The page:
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Is Indexed Universal Life Expensive or Valuable?

Is Indexed Universal Life Expensive
Insurance Quotes 2 Day Team

Written By Doug Mitchell

Doug Mitchell, CLU holds a BA degree in Finance from Auburn University as well as having obtained a Chartered Life Underwriter (CLU) designation from The American College in Bryn Mahr, PA.  Doug has spent close to 30 years in the insurance and financial planning industry and has held licenses to sell securities, long-term care insurance, health.  Doug is also a financial blogger addressing the topics of life insurance, annuities and retirement income planning.

Holly Mitchell  &

Holly Mitchell’s background in life insurance insurance goes back to 1985 when she worked for her father who was a New York Life agent. Holly has a marketing degree from Auburn University and has had a life insurance license since 2008. In addition to advising life insurance for customers all around the country, Holly is our website fact checker.

Rob Pinner   &

Rob Pinner is the founder and CEO of Pinner Financial Services servicing all 50 states. Rob started his insurance career in 2002.

Louis LaBash

Results-driven and innovative life insurance professional with 30 plus years of life insurance industry sales and marketing experience. Recognized as a pioneer in the field, leveraging phone and internet channels to exceed personal sales of over $100 million during the first decade of the 21st century. Creator of a highly effective intuitive IUL life insurance sales software that facilitated the sale of millions of dollars of indexed universal policies by numerous life insurance agents. Proven track record as a Managing General Agent (MGA), Life Agent, IUL Life Insurance Sales Software developer, and leading-edge creator of insurance marketing tools, educational content, and delivery systems.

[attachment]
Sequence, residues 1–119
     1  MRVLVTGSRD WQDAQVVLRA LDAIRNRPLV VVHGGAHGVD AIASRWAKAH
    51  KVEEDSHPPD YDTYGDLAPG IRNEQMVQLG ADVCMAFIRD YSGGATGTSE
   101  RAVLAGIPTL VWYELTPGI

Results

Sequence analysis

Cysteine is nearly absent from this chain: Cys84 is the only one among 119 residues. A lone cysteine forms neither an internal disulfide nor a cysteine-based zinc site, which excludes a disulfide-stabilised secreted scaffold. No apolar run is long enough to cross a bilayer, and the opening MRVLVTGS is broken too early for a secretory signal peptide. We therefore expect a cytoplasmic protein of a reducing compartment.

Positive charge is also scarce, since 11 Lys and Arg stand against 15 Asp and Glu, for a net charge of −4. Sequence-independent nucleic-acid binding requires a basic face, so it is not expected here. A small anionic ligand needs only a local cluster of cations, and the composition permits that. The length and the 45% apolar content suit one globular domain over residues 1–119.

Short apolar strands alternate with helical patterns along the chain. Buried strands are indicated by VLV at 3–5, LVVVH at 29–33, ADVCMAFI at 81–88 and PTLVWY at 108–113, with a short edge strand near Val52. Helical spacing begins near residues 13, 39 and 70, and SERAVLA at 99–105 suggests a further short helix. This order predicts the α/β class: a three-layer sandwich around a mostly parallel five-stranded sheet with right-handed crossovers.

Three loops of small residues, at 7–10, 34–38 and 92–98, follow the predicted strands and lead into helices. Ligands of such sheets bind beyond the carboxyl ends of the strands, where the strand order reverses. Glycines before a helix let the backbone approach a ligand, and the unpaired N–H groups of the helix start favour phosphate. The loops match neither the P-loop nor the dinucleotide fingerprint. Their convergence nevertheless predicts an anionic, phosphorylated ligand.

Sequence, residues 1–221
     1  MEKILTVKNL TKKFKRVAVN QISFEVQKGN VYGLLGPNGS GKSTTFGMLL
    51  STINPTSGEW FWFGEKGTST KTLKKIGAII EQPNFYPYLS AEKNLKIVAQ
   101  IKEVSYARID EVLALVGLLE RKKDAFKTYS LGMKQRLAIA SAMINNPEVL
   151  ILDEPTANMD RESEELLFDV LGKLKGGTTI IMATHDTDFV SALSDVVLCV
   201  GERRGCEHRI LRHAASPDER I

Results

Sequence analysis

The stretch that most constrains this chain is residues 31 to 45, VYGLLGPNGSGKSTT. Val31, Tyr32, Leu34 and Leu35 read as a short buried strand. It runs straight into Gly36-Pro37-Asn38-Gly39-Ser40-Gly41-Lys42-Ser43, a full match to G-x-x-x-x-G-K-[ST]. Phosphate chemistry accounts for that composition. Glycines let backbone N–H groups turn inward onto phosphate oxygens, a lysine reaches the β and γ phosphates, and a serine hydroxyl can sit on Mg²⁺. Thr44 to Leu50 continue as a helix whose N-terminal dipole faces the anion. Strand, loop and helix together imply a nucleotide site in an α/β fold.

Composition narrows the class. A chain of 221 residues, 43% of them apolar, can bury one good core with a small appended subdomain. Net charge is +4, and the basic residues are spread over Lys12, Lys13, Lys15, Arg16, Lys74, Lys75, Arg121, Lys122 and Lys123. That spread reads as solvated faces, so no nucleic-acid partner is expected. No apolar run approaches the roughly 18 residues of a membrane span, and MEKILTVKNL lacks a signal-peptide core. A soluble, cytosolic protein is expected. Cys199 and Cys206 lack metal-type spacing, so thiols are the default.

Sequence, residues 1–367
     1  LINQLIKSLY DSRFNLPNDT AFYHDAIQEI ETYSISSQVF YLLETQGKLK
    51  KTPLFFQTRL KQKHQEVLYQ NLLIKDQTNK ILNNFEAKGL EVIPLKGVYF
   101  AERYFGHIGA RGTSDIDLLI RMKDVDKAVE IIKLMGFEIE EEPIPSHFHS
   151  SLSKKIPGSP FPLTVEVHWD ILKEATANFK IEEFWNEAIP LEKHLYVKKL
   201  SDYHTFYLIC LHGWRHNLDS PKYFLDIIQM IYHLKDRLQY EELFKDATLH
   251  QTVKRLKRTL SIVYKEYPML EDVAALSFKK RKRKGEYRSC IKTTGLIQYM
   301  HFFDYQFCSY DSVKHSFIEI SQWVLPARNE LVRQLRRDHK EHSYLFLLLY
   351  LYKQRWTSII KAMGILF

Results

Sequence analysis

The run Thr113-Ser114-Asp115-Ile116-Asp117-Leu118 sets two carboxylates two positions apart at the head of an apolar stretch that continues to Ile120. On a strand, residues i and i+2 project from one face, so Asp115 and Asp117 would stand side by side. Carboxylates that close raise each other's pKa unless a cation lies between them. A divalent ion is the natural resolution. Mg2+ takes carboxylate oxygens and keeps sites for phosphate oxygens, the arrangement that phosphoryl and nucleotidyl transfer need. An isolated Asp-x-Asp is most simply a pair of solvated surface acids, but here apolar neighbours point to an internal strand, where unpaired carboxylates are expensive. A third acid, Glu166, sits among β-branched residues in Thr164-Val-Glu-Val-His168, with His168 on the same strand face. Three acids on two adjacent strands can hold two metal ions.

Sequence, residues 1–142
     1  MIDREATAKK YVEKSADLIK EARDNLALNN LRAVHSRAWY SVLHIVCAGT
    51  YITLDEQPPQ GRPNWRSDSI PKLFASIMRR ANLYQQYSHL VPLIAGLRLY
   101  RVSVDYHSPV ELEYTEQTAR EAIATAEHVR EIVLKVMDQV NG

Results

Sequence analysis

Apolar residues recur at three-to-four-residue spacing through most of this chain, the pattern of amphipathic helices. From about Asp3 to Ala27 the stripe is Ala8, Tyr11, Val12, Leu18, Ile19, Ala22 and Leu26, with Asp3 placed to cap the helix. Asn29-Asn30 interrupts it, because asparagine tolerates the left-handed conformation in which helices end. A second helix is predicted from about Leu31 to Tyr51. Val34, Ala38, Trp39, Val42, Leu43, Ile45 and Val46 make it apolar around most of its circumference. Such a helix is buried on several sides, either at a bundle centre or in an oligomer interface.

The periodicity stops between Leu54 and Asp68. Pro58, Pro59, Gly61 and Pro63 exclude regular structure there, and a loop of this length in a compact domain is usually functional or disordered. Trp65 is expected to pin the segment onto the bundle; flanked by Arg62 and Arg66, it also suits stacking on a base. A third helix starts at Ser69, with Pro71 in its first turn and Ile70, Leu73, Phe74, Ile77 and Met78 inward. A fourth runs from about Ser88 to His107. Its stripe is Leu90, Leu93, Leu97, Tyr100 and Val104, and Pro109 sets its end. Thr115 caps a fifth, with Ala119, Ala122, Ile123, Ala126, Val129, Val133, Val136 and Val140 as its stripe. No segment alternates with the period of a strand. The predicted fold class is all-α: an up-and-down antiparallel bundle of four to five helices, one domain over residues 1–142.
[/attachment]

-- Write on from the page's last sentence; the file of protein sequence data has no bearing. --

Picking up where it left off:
7 minute read

Indexed Universal Life Insurance – The Most Expensive or the Best?

Once you understand what indexed universal life insurance is all about, you will be able to make better choices.

Meet Joe, he is Considering buying Life Insurance!

Joe is 35 years old and in great health. Joe would like to get the best life insurance he can. Along his research journey he’ll ask, “Is indexed universal life expensive?” More on that in a moment.

He has an excellent middle management position with a Fortune 500 company with future growth opportunities along with great benefits including a 3% dollar for dollar match toward any contributions he made to his 401k account. Joe was taking full advantage of the 401k savings option and then some. He was currently contributing the maximum amount permitted of $17,500 a year to his 401k.

He is also happily married to Marie, who currently is a stay at home mom with two young healthy active children, Sally, age 4 and Joe Junior, age 2 ½. Joe is currently in a 28% tax bracket.

Joe was presented with two choices for life insurance from his life insurance agent.

The insurance agent determined that with all of Joe’s responsibilities, including the mortgage on his home and future college expenses that Joe needed to have at least a $1,000,000 of personally owned portable life insurance in addition to the group term life he had through his employer, especially while the children were growing up.

Joe thought that was a realistic amount and wanted to purchase a 20-year term as he believed that was the least expensive way to buy life insurance. The agent provided Joe with a quote of $495 a year for the 20 year level term policy with an A+ rated life insurance company. The total cost to Joe over the 20 years would be $9,300. The guaranteed annual premium for year 21 would then be $11,065 which is more than the previous 20 years premium in total and the premium will increase every year after that.

If Joe maintained his good health he could reapply for a lower rate but if he was unfortunate enough to have some major health issues along the way, he would have to pay that premium or give up the coverage. Joe certainly thought he was going to live longer than 20 years as he was only 35 and close to that I am invincible/immortal thinking age that many younger people have.

The agent mentioned to Joe that he was also in the process of creating a potentially risky as well a fully taxable retirement plan and the income from it can reduce other government benefits he may qualify for by saving so much money in just his 401k plan. Such as higher taxation of Social Security benefits as well as potentially higher Medicare health insurance expenses for both he and his wife during retirement